Then we have the year-round markets, too. These are sometimes more indoor flea market than traditional farm market, but it's usually kind of a mix. The one we have nearest us is half Asian market, half Supermercado, with the produce section smack in the middle. No, not everything is local, especially not in the winter, but it's a heck of a lot cheaper than the supermarket and you can find whatever you need for any dish imaginable. Ginger root, Thai peppers, whole sugar cane, jaggery, persimmons, mangoes of all sorts, whatever you need, they have it. There also happens to be a Korean restaurant inside the farmers market, which does a food festival annually where they serve food to the community for free. They had to move it outside this year because it's gotten too big. Other year round markets have some of the best baked goods in the area and various specialty vendors. In the summer, most of them have outdoor flea markets in the parking lots/ grassy areas where you can browse for all sorts of wild stuff, from handmade jewelry to antique car parts.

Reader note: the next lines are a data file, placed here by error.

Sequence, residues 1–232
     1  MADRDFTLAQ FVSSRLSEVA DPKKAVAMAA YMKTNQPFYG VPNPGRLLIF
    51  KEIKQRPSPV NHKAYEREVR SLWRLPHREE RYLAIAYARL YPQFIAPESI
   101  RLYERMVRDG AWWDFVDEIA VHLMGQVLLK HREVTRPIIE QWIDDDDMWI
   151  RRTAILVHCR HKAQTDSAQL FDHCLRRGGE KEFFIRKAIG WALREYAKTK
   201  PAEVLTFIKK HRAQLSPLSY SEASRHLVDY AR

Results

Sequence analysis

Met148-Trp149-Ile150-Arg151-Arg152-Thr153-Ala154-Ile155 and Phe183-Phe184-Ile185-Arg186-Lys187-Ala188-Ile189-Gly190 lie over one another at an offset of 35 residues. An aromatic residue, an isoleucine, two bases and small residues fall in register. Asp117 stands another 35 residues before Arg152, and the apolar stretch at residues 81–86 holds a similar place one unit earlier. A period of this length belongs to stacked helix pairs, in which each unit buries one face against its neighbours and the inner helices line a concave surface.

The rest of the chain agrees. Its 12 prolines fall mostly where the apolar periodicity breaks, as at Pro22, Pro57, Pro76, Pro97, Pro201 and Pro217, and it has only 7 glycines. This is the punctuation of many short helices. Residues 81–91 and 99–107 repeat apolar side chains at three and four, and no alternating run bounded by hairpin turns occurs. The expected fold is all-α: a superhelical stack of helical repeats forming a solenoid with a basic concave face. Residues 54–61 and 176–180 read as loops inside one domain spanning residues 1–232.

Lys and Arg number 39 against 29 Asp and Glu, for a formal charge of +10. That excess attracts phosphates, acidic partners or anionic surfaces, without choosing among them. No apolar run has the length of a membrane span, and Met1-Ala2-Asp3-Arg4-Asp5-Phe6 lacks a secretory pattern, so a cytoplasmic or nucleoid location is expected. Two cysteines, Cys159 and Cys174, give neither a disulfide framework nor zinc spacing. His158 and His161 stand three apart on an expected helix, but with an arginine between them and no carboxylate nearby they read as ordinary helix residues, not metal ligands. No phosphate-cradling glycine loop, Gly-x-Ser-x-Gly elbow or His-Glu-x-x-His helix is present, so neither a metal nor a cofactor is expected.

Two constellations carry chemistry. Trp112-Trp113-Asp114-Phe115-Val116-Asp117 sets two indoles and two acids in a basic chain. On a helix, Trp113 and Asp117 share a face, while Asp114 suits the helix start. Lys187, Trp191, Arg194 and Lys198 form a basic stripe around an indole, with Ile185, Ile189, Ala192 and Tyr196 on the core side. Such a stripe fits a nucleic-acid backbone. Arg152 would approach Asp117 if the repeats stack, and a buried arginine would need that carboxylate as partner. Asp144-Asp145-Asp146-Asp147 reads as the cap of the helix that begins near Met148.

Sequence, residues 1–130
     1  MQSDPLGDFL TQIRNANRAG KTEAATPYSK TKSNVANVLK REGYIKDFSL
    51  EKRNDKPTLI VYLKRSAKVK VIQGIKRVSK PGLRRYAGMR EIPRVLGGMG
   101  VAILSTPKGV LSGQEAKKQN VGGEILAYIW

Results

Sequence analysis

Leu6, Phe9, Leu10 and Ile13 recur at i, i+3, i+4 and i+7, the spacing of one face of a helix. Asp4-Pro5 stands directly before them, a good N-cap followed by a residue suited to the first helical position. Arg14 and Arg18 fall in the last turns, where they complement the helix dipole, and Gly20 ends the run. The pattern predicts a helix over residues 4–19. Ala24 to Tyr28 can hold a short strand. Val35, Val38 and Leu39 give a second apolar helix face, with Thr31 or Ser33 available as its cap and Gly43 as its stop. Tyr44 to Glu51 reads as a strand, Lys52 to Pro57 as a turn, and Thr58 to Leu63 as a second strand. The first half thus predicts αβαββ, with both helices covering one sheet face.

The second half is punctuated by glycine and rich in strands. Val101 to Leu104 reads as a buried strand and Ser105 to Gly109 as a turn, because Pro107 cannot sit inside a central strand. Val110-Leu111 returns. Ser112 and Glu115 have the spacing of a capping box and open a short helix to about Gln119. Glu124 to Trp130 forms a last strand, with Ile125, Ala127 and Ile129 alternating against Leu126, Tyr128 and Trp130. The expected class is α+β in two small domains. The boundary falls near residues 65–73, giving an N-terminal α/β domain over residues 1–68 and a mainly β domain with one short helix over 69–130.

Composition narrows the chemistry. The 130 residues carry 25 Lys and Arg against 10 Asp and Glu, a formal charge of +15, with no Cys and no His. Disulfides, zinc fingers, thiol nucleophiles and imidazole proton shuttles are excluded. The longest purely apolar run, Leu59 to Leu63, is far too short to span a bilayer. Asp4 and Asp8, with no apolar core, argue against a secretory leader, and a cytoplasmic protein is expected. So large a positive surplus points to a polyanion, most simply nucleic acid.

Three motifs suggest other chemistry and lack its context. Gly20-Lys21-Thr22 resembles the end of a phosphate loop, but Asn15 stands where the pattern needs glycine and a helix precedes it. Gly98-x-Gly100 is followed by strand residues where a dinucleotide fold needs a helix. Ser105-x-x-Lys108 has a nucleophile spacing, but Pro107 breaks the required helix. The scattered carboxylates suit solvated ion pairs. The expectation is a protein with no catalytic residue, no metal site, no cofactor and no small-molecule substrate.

Summer's sticky here. It's hot and generally yucky. But at least we have the Farmers' Markets - that helps make the rest bearable.
Freddy here with another fun-filled SWL. Oh, Beer, how I enjoy you to the fullest.
I know some people are beer drinkers. I am. There are so many different types out there these days it's hard not to enjoy them. Now don't get me wrong, I enjoy alcohol of many different kinds, not just beer. Wine often gets its due, as it should. It's great stuff. The hard liquor does as well, depending on what it is, otherwise it can be shunned just as badly (if not as worse) as beer.
Beer often gets the reputation of being uncultured, low brow, piss water. Times are changing, not fast enough for me though.
I was born when the microbrews really started taking off in the US. People took a look around and said "We can do better." And they have. Just walk into your local grocery (or alcohol seller) and you will see a humungous selection. All you have to do is find what type you like. And there are a TON.